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Hi

 

When you're in the woods and needing to aim...

 

How do you aim?

 

Do you just look and throw?

Point certain body parts at certain things or the basket?

 

second part:

 

Can you throw a beeline for the basket on this hole with a forehand?

How do you take the right and left out of the disc and throw it on a rope up the middle?

Where's the stress point or main muscle that you concentrate on?

 

This hole is 270 ft. 

 

(Cottage Grove, OR)

 

 

 

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how far is the basket from the tee?
It's 270ft.
I'd try aim for the tree to the right, the one that the person looks like they're standing next to, and throw my flattop roc or try a roller and hope there's no roots in the way. In reality though, I'd prolly eat the hell out of the trees and take a 4 or 5. I know how my luck goes.
Me too sometimes, but sometimes I get an accurate shot...

I think I need the absolute basics about aiming.
Aim where the dude is!!!! Take my putter and let it fling!!!!!!!!!!MAybe my KC pro roc!!!!!
I throw forehand so aiming is comparatively easy. I can see the line as I release it. Backhand is much trickier because you aim with a combination of your mind's eye, your shoulder and your peripheral vision.

Shots like the one pictured show that control is much more important than power.

To make this shot you need to do two things: Hit the line and throw a disc so that it flies straight. Each of those tasks is difficult. To do them together is harder. Practice is the answer. Lots of practice. Lots of the right kind of practice.

Most players, if they practice at all, go out to an open field and throw as hard as they can. That kind of practice does nothing to help you when you walk up to this hole. You need to practice hitting tunnels. Practice at different speeds and with different lines (because tunnels bend).

So walk out to this hole early in the morning when the course is empty. Drop a mini at 100 feet away from the basket, another at 150' away, another at 200' away and finally use the tee pad as your final spot. Start at the closest spot and with a stack of discs throw at the basket. Pick them up and do it again. And again. Until you can hit the line consistently and park the basket. Then move back to the next spot and learn that line. As you move farther away from the basket you may need to change discs (from putters to mids or mids to drivers). You need to learn which discs work best on which lines and which distances.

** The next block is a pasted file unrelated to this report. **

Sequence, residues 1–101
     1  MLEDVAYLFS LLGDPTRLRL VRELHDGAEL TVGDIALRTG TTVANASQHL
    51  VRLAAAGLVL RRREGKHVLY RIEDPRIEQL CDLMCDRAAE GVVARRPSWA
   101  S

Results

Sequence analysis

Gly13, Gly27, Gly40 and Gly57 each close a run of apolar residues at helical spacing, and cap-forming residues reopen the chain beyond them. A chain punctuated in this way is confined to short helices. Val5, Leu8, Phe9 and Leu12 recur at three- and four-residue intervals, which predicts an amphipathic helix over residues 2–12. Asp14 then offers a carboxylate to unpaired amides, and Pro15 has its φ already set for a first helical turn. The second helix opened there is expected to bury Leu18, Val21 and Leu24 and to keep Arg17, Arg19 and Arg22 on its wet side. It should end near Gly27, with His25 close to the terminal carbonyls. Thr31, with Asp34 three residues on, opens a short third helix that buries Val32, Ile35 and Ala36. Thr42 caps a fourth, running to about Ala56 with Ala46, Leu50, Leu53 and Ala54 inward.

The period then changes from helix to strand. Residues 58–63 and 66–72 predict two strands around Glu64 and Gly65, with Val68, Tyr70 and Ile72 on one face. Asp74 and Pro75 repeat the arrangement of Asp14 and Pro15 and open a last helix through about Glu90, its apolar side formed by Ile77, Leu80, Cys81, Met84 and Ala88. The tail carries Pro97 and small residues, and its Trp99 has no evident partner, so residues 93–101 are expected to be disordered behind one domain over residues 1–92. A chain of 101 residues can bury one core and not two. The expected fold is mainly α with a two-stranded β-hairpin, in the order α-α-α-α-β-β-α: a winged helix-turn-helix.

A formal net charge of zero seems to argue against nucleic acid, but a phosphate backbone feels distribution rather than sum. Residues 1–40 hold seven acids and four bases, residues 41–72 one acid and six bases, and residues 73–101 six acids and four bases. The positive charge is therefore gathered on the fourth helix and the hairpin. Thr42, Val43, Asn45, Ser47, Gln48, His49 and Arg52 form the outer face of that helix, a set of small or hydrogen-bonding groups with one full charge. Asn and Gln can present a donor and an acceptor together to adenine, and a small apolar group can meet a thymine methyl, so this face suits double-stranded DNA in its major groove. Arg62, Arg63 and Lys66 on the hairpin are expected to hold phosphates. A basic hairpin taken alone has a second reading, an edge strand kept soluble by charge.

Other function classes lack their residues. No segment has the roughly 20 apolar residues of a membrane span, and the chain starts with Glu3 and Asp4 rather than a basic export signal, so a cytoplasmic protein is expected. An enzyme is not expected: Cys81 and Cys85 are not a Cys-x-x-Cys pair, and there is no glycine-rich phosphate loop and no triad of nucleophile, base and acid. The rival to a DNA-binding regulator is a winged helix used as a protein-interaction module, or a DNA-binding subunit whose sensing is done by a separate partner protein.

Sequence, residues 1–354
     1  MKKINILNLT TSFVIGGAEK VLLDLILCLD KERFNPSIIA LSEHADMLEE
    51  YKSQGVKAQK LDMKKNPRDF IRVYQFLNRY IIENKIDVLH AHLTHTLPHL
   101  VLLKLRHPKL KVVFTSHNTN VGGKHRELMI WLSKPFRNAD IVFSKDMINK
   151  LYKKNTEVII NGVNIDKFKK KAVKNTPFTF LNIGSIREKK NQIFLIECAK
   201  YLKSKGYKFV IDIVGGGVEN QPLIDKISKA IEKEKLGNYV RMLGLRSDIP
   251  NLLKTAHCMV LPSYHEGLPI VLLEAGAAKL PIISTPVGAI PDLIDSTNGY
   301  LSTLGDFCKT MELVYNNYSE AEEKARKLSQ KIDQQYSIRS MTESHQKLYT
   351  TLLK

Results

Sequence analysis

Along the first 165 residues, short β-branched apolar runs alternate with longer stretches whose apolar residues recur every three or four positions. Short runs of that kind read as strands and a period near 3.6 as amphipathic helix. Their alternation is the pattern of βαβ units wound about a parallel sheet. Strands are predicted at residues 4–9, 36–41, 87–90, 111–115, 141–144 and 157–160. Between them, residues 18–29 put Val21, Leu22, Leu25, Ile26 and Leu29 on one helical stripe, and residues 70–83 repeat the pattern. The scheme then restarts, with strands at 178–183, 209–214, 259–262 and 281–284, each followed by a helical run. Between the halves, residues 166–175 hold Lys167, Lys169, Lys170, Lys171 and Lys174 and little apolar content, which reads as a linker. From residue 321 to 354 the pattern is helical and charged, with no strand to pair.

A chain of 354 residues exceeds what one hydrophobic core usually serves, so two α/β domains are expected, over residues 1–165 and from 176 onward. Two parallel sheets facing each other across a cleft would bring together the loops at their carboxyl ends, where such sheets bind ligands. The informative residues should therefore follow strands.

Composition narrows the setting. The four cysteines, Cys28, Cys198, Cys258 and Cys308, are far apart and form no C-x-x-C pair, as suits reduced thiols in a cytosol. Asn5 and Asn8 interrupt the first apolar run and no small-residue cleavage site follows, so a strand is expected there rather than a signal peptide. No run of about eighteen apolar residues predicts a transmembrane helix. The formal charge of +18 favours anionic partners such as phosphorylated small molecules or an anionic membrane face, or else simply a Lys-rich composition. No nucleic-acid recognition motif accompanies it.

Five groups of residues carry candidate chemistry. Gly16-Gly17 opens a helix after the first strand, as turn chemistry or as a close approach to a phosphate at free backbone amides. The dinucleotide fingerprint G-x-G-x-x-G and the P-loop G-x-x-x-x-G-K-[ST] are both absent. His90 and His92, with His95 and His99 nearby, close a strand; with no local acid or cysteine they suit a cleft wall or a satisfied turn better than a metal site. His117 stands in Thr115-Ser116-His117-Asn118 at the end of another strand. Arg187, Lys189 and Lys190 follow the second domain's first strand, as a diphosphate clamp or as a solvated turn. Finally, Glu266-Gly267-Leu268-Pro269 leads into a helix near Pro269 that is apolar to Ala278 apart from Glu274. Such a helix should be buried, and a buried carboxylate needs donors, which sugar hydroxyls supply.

If you spent an hour on this hole at a time and did it three times in a week your ability to hit the line at each of the distances would vastly improve and with it your overall ability to hit tight lines at different speeds.

You, of course, do not need to use a hole on a course to practice tunnels. Any mowed area with lots of trees (and no people around) will do. Pick trees as mandos and throw at your bag for a target. Or better yet, play catch with a buddy picking lines to navigate.
A basic concept for "stand & deliver" throws is to line up your heels in the direction you plan to throw a backhand. That way, if you are pulling across your chest in a straight line, your arm and hand will continue to consistently uncurl and release toward your chosen direction throw after throw.
I utilize a alignment technique from my ball golf game--the intermediate target method. look at my intended line and create an intermediate target--maybe a leaf or twig--or perhaps I make a mark in the dirt with my foot just a few feet out from the tee or your lie--line up the intermediate target with your intended line and try to hit it--it will make you think about your line and where to start it...there are a lot of other variables that can affect it (stability of the disc, wind, obstructions, release angle, etc.) but this is a start.
My approach would be forehanding it with enough anhyzer that it would curve around the tree and flatten out once its around it. This shot is also easier to achieve with less power as the s-curve will be more exaggerated and curve better.
Speaking for the lefites that live in my body: I am thinking a light hyzer around the left hand side of the first tree.

The other is to go as straight as possiable, I would aim to the left a little and throw a Buzzz and take a solid three.

Reality: I would hit the first tree and take a 6.
As always, great advice.
I pick a spot somewhere between a third and half the way to the hole to aim at. I then do a one or two phantom throws from run up to release to make sure that I have my line. I would use a semi beat Z Buzzz or my X Comet to lace the drive. I like the idea that Mark has for throwing from different spots.

Sometimes I'll just walk out in the woods randomly and try to find some semblance of a fairway and just throw it with my straight discs just for practice.

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